Cori spezzati (kor' ee spetz ah' tee), Italian for "separated choirs," is the term used to describe a musical composition that uses spatial effects to emphasize the interplay between its various voices. Typically, this means placing two or more choirs or groups of instruments in various places around a performance space. Music that is intended to be performed cori spezatti is by nature antiphonal; in fact, some consider these two terms to be synonymous, at least when they refer to instrumental music.

Cori spezzati isn't a particularly common form of music, and for obvious reasons. In order for it to work out right, it must be performed in a specific type of space; namely, one which is both big enough to accomodate the separation of the instrumental/vocal groups and acoustically suited to the kind of call and answer phrasing that characterizes antiphonal music. (If the space is too echoey, the interplay among the groups just becomes muddled. If it's just moderately echoey, though, it sounds great.) And even in concert halls which meet these specifications, there's a certain awkwardness to the idea of putting half the ensemble onstage and sending the rest up to the balcony or (as I have seen done) forsaking the stage altogether and having half the group stand in the left-hand balcony and the other half in the right-hand one.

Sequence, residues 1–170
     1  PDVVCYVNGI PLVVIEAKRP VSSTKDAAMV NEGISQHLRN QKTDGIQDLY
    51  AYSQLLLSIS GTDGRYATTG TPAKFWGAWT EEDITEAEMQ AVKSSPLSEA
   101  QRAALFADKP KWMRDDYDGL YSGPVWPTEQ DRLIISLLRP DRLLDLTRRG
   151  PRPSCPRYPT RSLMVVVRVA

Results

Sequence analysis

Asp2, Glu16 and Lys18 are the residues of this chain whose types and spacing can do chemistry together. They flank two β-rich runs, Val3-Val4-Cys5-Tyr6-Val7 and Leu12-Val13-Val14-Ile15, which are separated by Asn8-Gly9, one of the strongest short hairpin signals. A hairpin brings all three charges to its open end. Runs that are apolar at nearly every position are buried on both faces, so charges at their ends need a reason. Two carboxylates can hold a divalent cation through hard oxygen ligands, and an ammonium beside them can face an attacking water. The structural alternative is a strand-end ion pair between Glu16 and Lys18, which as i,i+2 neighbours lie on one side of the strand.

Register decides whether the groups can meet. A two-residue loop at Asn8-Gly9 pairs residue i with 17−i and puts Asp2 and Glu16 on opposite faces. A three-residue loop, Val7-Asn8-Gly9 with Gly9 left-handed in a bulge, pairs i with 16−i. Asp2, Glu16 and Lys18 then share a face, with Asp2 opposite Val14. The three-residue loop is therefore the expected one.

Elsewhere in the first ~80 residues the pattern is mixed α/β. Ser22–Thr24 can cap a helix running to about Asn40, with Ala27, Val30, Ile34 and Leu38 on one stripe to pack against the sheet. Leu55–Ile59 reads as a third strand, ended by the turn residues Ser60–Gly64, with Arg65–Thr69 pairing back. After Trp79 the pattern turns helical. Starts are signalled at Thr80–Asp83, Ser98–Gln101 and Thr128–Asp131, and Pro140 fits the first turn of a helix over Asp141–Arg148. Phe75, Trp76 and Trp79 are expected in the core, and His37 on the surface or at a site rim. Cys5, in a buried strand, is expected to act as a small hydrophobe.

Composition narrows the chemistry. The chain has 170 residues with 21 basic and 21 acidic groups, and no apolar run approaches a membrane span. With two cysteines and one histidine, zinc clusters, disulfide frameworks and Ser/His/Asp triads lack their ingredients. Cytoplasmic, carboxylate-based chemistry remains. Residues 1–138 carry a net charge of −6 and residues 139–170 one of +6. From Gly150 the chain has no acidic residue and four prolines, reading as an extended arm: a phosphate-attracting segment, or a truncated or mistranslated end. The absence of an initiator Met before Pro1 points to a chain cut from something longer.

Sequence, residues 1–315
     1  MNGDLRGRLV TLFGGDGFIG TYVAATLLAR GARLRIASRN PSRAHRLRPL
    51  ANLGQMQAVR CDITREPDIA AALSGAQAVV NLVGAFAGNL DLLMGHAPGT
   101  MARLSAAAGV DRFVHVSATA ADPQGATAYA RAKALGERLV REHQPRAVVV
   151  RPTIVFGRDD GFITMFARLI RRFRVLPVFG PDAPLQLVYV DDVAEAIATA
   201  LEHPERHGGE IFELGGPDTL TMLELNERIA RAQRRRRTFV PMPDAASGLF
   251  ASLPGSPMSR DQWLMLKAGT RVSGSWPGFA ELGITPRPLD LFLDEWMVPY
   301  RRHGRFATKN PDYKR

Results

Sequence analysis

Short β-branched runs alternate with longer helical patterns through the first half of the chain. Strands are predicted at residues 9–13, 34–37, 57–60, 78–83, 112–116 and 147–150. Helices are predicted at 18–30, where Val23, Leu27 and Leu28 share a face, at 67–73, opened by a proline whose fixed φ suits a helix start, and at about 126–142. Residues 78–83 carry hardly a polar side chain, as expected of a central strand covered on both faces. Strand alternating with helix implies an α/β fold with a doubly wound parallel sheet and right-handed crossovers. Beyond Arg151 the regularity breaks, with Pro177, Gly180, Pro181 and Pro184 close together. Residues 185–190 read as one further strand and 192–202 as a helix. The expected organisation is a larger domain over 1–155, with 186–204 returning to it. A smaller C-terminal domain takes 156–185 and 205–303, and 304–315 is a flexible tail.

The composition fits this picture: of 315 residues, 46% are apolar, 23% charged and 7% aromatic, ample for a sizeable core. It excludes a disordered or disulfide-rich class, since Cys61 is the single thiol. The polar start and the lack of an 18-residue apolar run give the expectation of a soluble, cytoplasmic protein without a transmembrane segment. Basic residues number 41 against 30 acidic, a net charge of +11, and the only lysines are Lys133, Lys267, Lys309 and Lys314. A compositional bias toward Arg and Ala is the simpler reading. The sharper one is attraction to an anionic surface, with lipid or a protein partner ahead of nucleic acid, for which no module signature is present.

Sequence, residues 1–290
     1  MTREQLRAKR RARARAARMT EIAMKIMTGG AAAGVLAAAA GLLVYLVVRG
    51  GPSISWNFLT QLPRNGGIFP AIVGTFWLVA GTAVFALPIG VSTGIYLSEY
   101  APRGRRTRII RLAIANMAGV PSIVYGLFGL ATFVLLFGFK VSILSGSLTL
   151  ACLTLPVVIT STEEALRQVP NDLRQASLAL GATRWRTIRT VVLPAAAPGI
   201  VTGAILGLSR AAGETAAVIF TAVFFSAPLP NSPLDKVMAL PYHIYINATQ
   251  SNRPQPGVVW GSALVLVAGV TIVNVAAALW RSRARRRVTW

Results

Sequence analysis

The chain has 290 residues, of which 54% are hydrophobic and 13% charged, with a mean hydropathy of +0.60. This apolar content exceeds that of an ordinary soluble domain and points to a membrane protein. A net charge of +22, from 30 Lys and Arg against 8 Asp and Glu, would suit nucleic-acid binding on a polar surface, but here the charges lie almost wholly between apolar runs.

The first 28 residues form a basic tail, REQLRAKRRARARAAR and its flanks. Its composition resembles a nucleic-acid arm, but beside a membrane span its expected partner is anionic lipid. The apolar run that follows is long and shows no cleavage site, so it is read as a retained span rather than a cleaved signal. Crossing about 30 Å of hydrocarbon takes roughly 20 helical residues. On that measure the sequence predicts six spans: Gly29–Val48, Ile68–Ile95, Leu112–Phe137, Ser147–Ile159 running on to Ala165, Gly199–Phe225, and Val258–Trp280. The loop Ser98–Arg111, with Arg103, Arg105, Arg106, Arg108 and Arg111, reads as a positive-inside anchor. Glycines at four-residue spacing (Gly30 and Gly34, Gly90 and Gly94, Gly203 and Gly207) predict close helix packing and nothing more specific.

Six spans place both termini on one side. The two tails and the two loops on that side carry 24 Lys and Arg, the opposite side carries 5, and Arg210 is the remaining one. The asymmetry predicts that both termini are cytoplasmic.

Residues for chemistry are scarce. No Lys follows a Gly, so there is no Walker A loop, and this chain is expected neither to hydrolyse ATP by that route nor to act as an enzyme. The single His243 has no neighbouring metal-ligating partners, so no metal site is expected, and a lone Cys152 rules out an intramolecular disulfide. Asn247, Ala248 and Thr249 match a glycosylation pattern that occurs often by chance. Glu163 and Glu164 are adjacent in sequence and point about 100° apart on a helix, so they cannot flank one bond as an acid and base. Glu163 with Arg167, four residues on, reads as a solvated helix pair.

The type of performance space which is most obviously suited to cori spezzati is the cathedral; in churches, the problem of the stage is eliminated, and there are generally balconies and nooks and crannies galore in Renaissance-style basilicas. Unsurprisingly, a Renaissance basilica was the formal birthplace of cori spezzati: in the late 1500's, Giovanni Gabrieli, the music director, organist, and composer-in-residence at St. Mark's Basilica in Venice, began experimenting with the idea of separating his choirs and putting them in different places around the church. Gabrieli is considered to be the father of cori spezzati, and probably the only composer to write a serious volume of work in this style. He wrote both choral and instrumental pieces (mostly sacred, because of the nature of his job), some of which are still performed today and shouldn't be too hard to find recordings of. (I, unfortunately, do not own recordings of any of Gabrieli's music, although I heard his Sonata Octavi Toni for two brass choirs performed live, and it was gorgeous. I recommend it highly if you happen to like Renaissance/Baroque music.)

This writeup was made possible by a little bit of help from, and Virginia Tech's Online Music Dictionary, found at

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